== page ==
I arrived in Wales defeated and bummed. But the new challenge gave me something different to focus on. There was no pressure, no expectation, no specific training, no master plan. I’d just go out there, see what it was like, gather whatever information I could, and do my best to enjoy the day. Play triathlon for about nine hours. Let go of the bummer season, one long discipline at a time.
And to my surprise (and maybe not surprise) I had quite a day. I had a crazy but great swim, a strong bike (even though I died a bit the last hour), and wow, ran my first marathon in a way I never would have expected. I finished first in one of the most memorable days of my career.
And suddenly, just days after being in the gutter, I was on cloud nine. My whole perspective had changed. I looked back at my season calendar and the sting of worlds had subsided. I was super proud and psyched about what I’d accomplished. I had a whole new outlook on the season, the off-season and the year ahead. It wasn’t what I imagined or planned or expected, but it was beautiful and brilliant in its own way. And I’d certainly take it.
I’m not saying the next time you fail to achieve your big goal you should go race an Ironman two weeks later. But there are some things that I did—some knowingly and some not—that apply to anyone looking to rebound from a major bummer:
Accept the outcome. It’s certainly OK to be sad, angry, disappointed, gassy. I was all of those things! It’s a natural part of dealing with any “loss.” You need to let yourself process it and learn from it. Then let it go.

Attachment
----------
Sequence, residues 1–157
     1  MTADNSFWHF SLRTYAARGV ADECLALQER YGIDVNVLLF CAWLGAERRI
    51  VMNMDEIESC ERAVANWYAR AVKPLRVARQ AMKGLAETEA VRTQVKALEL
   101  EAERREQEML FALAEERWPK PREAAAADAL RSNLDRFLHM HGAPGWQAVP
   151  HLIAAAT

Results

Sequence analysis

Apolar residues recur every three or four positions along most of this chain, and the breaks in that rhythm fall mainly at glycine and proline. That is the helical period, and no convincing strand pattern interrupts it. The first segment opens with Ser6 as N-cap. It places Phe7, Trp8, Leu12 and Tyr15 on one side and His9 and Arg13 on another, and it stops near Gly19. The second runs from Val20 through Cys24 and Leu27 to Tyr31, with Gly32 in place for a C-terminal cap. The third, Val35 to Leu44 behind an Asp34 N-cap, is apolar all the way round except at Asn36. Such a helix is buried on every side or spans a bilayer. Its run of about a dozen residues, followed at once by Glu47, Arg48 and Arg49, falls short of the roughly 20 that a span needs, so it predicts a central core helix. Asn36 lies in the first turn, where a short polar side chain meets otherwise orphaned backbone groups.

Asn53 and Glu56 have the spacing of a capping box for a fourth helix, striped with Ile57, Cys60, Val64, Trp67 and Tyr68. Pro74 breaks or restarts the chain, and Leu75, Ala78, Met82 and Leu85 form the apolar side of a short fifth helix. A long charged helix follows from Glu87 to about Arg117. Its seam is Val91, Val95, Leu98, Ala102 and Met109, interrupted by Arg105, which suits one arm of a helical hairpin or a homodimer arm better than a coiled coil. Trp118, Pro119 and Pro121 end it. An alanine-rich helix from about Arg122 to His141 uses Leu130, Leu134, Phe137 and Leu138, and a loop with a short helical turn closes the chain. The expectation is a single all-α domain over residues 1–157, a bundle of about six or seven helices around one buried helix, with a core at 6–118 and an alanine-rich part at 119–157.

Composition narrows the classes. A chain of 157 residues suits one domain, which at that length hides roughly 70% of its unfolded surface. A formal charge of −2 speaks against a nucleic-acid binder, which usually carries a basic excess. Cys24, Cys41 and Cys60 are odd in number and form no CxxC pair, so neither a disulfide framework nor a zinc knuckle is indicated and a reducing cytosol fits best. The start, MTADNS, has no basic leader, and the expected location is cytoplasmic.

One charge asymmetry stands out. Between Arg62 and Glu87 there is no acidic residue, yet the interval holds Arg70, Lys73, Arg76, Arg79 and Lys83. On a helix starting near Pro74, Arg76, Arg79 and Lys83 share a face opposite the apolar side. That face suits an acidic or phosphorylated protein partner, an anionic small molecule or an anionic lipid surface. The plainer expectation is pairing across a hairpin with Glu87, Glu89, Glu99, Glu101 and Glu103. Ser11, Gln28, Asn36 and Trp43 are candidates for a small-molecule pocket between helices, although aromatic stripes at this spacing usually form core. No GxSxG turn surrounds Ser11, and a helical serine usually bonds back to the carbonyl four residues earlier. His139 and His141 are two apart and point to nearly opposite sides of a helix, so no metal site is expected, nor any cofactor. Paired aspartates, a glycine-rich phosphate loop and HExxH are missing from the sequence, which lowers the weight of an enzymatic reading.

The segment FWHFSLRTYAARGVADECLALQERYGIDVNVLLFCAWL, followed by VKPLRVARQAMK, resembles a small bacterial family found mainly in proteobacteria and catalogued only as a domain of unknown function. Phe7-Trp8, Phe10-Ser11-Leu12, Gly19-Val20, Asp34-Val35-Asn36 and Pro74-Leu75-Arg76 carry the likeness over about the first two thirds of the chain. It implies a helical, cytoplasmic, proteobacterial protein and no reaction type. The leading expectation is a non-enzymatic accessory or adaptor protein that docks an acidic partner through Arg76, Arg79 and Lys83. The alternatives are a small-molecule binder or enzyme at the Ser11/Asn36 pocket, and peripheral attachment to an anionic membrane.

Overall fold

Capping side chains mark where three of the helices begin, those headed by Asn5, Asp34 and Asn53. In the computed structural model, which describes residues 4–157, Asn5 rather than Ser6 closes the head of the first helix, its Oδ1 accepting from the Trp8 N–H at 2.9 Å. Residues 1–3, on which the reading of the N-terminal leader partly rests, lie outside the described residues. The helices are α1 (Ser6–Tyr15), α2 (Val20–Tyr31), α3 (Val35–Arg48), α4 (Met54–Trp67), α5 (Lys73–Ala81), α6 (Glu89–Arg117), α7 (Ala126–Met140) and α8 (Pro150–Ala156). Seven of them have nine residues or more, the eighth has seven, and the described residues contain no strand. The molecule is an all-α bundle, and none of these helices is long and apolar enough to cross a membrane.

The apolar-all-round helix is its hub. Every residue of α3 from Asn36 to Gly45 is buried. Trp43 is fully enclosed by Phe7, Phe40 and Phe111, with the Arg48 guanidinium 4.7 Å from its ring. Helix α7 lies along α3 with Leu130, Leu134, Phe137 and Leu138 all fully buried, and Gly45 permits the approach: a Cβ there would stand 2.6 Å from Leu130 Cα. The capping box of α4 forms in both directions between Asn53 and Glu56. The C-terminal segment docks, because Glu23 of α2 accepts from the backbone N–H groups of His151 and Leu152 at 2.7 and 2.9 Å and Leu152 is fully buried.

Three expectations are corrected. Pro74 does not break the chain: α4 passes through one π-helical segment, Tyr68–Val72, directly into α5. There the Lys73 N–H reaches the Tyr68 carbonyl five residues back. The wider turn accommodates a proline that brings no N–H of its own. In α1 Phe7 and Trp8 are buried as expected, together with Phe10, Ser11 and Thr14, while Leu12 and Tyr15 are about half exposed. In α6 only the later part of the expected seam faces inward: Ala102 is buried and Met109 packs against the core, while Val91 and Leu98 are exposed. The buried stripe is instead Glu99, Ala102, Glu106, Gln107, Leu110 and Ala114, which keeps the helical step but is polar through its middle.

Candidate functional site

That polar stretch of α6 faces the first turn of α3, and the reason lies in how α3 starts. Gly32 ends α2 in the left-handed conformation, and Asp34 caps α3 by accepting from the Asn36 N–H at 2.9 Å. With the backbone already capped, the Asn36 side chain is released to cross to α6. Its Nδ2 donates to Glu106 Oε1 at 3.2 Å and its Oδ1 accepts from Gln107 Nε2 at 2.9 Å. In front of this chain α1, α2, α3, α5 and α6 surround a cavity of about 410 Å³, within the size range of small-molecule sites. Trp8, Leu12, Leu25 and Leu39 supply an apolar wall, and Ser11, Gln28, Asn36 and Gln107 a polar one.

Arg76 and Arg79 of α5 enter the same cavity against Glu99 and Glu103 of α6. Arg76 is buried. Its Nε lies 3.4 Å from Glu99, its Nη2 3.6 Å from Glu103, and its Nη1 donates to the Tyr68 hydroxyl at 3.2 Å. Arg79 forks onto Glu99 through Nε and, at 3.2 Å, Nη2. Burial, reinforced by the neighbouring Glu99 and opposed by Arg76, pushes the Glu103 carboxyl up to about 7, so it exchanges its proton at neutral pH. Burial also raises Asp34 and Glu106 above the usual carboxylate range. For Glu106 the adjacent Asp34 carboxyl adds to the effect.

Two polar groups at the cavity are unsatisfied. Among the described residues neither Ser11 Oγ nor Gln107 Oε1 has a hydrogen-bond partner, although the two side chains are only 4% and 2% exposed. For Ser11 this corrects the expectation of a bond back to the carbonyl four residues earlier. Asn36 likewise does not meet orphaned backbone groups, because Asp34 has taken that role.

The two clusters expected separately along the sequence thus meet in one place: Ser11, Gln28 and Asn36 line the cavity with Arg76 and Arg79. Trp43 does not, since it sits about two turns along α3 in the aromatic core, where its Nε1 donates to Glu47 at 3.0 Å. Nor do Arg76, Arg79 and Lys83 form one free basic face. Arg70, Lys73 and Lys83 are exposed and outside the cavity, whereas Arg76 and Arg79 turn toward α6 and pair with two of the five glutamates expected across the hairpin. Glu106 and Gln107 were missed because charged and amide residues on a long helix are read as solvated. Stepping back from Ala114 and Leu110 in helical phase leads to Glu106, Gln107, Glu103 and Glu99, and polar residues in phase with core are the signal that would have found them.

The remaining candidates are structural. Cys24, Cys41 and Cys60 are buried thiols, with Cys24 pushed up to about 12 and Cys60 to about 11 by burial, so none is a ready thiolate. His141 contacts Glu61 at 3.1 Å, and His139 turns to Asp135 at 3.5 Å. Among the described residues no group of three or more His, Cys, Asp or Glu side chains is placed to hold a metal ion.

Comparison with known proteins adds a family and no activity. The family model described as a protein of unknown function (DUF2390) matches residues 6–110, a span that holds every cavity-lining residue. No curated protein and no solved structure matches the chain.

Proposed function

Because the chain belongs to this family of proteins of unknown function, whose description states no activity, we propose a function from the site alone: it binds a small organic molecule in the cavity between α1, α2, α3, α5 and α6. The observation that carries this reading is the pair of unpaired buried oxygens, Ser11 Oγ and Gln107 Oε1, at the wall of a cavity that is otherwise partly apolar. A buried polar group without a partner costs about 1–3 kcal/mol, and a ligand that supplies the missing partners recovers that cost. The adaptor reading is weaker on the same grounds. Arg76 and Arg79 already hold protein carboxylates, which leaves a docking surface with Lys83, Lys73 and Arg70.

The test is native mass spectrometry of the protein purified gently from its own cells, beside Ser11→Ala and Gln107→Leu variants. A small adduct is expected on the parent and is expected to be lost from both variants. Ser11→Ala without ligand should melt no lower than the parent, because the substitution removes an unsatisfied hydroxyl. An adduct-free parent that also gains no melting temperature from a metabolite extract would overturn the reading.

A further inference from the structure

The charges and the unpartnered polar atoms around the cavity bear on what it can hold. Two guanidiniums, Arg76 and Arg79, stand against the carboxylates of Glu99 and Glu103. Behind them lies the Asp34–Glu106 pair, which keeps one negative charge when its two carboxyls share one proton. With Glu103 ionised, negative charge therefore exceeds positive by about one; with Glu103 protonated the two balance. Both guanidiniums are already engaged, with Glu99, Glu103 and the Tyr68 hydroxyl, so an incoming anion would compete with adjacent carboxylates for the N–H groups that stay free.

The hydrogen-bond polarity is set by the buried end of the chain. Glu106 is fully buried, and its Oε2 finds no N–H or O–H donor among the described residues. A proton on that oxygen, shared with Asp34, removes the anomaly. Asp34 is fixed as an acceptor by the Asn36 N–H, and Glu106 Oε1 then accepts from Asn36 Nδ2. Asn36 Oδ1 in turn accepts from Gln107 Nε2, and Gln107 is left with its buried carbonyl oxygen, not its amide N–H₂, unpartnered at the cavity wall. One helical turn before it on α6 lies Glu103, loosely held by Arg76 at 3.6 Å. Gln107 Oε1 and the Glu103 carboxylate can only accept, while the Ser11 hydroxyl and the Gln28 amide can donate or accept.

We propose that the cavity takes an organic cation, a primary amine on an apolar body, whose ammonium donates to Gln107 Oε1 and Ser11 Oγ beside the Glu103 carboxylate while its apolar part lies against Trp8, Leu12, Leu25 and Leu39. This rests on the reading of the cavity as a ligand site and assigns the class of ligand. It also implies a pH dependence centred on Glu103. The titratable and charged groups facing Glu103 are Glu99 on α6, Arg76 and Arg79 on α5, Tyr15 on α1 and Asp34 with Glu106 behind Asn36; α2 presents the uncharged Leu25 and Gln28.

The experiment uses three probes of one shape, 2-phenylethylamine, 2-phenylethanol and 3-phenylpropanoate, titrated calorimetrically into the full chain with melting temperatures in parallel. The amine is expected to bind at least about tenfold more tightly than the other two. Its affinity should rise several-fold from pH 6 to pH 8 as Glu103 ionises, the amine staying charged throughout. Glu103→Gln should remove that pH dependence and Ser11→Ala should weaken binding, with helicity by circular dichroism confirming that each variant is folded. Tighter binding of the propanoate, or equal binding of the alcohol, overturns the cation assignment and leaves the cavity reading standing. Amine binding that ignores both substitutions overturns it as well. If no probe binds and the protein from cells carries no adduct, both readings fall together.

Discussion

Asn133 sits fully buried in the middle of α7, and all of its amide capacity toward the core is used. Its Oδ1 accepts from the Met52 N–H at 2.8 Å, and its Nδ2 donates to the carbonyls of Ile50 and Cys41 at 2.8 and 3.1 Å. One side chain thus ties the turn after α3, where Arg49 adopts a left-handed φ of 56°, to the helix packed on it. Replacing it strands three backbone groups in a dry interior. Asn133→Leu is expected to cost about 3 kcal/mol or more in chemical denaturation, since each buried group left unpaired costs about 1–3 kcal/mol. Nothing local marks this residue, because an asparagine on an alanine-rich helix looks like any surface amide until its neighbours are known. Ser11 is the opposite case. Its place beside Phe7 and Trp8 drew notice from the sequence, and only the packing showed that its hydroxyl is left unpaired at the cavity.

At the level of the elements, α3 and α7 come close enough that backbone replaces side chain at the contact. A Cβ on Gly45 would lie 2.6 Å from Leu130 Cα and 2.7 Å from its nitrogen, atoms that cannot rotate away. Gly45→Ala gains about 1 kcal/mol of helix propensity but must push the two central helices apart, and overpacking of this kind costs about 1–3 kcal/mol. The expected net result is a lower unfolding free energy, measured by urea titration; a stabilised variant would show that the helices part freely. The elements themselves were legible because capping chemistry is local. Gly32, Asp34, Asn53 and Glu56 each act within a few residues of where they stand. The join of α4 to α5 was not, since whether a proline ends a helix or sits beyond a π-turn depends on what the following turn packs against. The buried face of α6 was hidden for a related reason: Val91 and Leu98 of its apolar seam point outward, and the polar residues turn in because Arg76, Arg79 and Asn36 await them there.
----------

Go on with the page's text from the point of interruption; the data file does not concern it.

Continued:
Get “back on the horse” quickly. It’s OK to sulk for a bit, but if you can, don’t end your season. When I played basketball, I always left the court on a make. Sometimes that took a lot of shots. Sometimes I caved and did a lay-up. But I always left on a make. It’s best to end on some kind of positive note before taking your off-season.
Do something fresh, new or different. Most likely any race outside of your bummer goal race will be one of these things, but the best rebound races are something that you haven’t specifically trained for, carry less pressure and expectation, and sound like a fun challenge regardless of the outcome.
Acknowledge the fear and doubt, but also acknowledge the opportunity. As sports psychologist Mitchell Greene once told me, “courage over confidence.” It’s OK to have a healthy fear of a new challenge or coming back because it helps you respect it, but you can couple that fear with the courage to try to overcome.
Have fun, and if you have a family, get them involved. We all know that triathlon at its most crazy is a strain on family. If possible, bring them into this one, enjoy their company and make them a part of the process/outcome. It helps you keep it fun, and balance it back to even for you and for them.
No matter what your goals are in this sport, no matter how hard you work or how well you plan, there are lots of things beyond your control. And sometimes, crappy stuff happens, and the journey you start won’t go where you wanted. But I think the beauty of sport is that if you work hard, keep your head up and your mind open to possibilities in spite of fear and doubt, you may end up in a place you never expected. And that place may be more amazing and rewarding than where you originally wanted to go.